Chelsea behind early

Recovering from going behind early is always a difficult task, especially after another slow start to the game and against an opponent with West Ham’s tactics.

West Ham would push up on the wings through their wing-backs, and leave space in midfield for Chelsea to have the ball. But while Christensen could move forward into this space, and Kante (or any of Chelsea’s advanced midfielders dropping back) could receive the ball in it, West Ham always ensured that they had numbers behind the ball (Arnautovic dropping back to join the three midfielders). Their wide players would also drop back narrow (leaving space wide of the box) once Chelsea established control over the middle.

Chelsea could break through West Ham’s midfielders with quick one-touch play between Fabregas, Bakayoko, and Hazard, but this would only get them to the edge of West Ham’s box where a back five covered the width of the box and the midfielders continued to pressure from behind. The best Chelsea could create from here were wide passes to the wing-backs to shoot or cross, which West Ham controlled easily, or to attempt long shots from the middle.

Switches to Azpilicueta to cross the ball from deep created some good opportunities, but West Ham never allowed Morata to find space inside the box for free headers. Having numbers back also allowed West Ham to win or block any second ball lost inside the box—such as Hazard’s chance in the first half.

Whenever Chelsea lost the ball, West Ham would clear the ball long for Arnautovic or Antonio to chase down and pressure Christensen and Cahill, never allowing Chelsea easy recovery and possession, and forcing them to use a lot of energy to regain the ball.

Chelsea’s changes

Chelsea made their changes early in the second half to bring on more attacking players. Pedro, Moses, and Willian increased the individual creative quality on the pitch, but losing Alonso’s and Bakayoko’s aerial ability was a problem since most of their chances were through crosses into the box. On top of this, West Ham took every opportunity to waste time and slow the game down.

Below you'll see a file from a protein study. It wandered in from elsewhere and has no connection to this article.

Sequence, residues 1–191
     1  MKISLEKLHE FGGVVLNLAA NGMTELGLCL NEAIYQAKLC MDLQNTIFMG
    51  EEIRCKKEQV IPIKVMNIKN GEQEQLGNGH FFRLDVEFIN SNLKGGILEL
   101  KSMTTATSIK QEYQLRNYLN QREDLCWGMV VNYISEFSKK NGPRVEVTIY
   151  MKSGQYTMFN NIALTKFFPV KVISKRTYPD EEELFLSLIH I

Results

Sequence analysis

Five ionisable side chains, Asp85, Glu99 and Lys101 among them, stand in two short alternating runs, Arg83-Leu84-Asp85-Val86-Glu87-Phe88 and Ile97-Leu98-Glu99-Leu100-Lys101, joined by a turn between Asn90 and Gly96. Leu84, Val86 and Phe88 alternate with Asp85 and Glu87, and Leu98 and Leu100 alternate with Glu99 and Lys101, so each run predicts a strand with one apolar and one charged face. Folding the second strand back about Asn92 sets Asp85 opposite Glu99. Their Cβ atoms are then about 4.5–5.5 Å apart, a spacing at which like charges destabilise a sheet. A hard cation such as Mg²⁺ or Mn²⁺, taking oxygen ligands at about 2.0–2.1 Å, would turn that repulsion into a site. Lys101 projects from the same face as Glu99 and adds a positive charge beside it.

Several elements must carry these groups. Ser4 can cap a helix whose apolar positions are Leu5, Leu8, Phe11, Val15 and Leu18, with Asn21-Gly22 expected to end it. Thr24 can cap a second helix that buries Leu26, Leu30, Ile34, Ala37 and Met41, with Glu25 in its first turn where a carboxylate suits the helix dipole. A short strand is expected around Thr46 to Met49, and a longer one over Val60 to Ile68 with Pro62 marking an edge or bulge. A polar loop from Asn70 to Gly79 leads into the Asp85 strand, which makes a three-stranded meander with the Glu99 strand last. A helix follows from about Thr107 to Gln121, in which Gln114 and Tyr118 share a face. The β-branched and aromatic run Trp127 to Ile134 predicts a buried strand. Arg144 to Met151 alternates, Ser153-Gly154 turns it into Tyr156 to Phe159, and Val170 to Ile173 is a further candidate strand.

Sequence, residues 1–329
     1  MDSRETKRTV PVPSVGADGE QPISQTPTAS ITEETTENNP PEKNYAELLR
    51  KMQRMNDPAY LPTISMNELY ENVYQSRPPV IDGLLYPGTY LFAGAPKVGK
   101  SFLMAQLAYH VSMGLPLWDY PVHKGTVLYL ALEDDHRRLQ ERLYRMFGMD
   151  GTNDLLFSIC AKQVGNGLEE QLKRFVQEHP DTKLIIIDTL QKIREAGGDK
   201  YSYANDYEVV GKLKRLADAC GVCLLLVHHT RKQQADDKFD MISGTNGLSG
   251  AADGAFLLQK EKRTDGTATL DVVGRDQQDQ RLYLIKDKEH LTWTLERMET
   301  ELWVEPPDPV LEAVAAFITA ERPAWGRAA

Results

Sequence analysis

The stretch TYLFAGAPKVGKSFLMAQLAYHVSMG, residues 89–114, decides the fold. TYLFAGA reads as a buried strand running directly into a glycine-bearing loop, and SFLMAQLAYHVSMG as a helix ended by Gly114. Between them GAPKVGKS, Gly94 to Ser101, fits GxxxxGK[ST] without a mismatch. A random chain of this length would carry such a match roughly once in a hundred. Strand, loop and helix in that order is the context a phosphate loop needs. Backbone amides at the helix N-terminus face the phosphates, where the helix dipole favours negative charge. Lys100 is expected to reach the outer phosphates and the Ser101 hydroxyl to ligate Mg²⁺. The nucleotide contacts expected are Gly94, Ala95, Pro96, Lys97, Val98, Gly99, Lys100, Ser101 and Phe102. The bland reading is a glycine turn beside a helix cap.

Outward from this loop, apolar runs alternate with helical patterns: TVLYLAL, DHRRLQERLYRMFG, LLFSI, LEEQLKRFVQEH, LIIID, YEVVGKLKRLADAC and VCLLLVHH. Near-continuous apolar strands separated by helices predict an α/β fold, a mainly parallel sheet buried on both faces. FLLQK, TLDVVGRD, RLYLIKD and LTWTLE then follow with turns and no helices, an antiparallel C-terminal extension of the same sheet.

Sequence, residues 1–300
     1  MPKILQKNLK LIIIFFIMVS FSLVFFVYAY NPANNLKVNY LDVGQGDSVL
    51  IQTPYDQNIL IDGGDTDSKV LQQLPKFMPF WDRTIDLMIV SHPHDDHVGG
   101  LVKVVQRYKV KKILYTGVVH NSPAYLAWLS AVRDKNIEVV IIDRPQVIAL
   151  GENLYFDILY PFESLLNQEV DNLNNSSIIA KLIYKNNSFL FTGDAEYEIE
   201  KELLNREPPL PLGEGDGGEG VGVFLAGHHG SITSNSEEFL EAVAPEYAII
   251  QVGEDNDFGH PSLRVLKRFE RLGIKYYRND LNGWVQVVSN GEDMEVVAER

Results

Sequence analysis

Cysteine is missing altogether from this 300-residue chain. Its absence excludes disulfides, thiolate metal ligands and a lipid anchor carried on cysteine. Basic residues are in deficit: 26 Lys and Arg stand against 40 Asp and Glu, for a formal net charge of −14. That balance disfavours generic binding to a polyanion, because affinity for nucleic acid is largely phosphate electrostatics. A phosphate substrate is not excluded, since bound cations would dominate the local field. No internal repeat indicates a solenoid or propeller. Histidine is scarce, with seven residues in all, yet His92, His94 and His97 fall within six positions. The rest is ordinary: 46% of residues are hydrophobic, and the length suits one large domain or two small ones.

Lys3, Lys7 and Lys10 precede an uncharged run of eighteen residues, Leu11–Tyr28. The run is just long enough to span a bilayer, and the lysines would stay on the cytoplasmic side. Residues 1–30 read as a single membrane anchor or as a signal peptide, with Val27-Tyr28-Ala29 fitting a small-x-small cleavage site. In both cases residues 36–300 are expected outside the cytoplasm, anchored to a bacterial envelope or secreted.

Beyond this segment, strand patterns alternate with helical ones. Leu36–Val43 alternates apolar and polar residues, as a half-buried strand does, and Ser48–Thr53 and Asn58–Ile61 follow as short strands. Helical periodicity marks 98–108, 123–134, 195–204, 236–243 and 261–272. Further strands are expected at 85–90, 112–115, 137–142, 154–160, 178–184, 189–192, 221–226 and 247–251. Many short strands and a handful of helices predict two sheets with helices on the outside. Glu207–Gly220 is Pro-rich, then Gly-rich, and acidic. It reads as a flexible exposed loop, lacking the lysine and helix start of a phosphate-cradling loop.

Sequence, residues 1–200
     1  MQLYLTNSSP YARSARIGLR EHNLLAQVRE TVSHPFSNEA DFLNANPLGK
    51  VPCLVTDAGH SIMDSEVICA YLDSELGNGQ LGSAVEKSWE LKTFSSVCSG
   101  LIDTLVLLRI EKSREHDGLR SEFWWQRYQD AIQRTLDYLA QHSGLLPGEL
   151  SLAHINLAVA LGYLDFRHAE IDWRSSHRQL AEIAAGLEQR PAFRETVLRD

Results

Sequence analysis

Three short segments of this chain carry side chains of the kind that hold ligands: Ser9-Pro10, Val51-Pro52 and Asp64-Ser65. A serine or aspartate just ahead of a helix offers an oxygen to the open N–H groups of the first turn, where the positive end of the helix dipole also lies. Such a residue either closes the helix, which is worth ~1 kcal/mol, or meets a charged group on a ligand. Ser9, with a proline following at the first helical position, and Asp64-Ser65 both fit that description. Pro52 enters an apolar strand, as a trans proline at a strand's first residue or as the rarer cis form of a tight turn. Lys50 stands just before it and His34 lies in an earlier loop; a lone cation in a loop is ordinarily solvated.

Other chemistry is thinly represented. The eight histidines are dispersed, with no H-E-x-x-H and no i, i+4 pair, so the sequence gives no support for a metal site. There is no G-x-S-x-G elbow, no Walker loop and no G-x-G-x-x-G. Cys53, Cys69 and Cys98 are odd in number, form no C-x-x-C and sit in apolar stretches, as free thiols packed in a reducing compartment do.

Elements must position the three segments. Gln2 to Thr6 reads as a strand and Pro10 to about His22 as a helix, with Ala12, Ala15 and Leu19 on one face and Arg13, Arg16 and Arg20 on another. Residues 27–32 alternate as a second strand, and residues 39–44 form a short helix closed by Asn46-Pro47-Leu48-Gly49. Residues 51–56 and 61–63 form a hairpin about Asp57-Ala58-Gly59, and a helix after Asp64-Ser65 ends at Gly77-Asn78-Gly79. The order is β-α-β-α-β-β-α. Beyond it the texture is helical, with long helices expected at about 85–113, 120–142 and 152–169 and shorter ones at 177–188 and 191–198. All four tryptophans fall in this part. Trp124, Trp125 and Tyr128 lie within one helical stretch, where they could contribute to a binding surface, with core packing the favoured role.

With their changes, Chelsea switched formation to see a back four for the first time this season, where Azpilicueta moved to left back, Moses at right back, Fabregas and Kante as the central midfielders, Willian and Pedro on the wings, while Hazard moved freely off Morata. This predominantly lost Azpilicueta’s option to play crosses in early from the right, and, since both Kante and Fabregas were moving forward to try to create, required them to use a lot of intensity and sprints to recover the ball quickly—especially when West Ham would put the ball into the corners to push Chelsea back.

Conclusion

West Ham successfully created problems in various moments throughout the game, and took advantage of another slow start to the game by Chelsea to take an early lead. Their high pressure and passes up the wings (into the corners) stretched Chelsea’s backline, won set pieces to allow them to move out of their half, and ensured that Chelsea couldn’t recover the ball and start attacks easily. Chelsea’s changes brought more offensive quality to their game, but at the cost of options like Alonso and Bakayoko to use in the air for crosses. Chelsea created only a few good chances to score, and even when they did, they couldn’t take them.